A study published early this month in the Journal of Nutrition shows that biofortified maize can meet zinc requirements and provide an effective dietary alternative to regular maize for children in vulnerable areas of rural Zambia.
“This adds to the growing body of evidence supporting the efforts of HarvestPlus, a CGIAR global effort to end hidden hunger and to which CIMMYT contributes through the development of maize and wheat with enhanced levels of vitamin A, zinc, and iron,” said Natalia Palacios, CIMMYT Maize Nutrition Quality Specialist and co-author in the study. “Maize is an important staple food for 900 million people living on less than $2 each day, but a diet rich in maize cannot always provide the nutrients needed by the body.”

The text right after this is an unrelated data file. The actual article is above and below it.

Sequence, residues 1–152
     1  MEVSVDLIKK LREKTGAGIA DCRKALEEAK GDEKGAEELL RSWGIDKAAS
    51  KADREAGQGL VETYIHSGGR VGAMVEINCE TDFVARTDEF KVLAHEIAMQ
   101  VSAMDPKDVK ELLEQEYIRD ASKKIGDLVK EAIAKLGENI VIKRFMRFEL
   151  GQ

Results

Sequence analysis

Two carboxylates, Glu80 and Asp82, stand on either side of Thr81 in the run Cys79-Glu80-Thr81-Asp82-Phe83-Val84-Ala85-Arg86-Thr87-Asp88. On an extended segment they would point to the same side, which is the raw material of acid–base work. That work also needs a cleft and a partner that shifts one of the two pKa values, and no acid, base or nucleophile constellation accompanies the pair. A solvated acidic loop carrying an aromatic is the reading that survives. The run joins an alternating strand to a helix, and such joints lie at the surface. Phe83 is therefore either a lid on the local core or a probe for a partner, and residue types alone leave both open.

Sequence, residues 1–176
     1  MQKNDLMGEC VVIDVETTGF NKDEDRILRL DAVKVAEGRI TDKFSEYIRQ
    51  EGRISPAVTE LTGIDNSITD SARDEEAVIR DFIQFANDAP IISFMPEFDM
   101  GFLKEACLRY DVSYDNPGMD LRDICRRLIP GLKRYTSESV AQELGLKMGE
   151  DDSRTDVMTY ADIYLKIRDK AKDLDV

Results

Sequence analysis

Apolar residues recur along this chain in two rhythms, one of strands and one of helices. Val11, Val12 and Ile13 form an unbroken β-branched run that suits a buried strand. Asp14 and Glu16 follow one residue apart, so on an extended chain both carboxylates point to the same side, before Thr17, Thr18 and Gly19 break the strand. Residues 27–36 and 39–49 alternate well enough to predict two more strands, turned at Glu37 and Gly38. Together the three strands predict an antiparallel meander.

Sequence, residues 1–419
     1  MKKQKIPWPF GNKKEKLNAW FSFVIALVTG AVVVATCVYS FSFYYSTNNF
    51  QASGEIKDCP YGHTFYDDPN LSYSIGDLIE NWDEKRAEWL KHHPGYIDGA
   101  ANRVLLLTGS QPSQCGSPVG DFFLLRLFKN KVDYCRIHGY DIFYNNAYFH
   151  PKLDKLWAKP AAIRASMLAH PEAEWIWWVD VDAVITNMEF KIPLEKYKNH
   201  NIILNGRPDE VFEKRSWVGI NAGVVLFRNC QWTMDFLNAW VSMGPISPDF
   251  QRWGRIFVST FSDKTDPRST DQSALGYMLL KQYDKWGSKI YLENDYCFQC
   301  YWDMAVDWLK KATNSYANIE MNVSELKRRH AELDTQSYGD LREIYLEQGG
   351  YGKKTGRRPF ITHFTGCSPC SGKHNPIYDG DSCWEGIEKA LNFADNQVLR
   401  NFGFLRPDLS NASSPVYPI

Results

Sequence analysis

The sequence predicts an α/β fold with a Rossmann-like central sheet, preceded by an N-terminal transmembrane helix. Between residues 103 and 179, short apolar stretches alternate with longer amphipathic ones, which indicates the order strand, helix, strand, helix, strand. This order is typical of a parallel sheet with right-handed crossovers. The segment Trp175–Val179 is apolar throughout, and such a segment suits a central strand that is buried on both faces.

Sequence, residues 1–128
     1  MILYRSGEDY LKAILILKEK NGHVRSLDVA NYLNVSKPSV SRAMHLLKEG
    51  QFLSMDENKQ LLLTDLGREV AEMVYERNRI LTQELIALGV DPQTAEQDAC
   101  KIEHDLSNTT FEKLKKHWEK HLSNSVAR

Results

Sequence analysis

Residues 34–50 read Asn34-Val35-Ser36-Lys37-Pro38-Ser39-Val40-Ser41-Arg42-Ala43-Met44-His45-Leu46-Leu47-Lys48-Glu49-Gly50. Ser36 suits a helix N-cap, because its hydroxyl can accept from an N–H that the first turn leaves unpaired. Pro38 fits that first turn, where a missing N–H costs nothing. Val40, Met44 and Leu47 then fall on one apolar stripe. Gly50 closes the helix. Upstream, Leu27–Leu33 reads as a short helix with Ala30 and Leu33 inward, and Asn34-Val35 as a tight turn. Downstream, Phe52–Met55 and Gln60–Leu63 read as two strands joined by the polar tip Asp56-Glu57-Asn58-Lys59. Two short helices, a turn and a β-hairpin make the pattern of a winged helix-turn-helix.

Zinc plays important roles in human health, and zinc deficiencies are associated with stunting and a weak immunological system, making the malnourished more susceptible to common infections. More than 17 percent of the global population is at risk of zinc deficiency.
The study found that when the biofortified maize provided by CIMMYT was fed as a staple to Zambian children, their zinc intake was more than sufficient for their dietary needs.
The higher zinc level (34 µg zinc per gram, versus 21 µg) meant that the biofortified maize greatly outperformed the control diet, while biofortified grain was shown to be more efficient than Zn-enriched flour at getting the nutrient absorbed into the body.
This research joins another study in Zambia that revealed orange maize to be an effective way of reducing vitamin A deficiency in young children, which globally causes 500,000 to go blind each year. HarvestPlus has supplied 10,000 farming households in Zambia with orange maize, supported by government recognition of the value of biofortification in its National Food and Nutrition Strategic plan.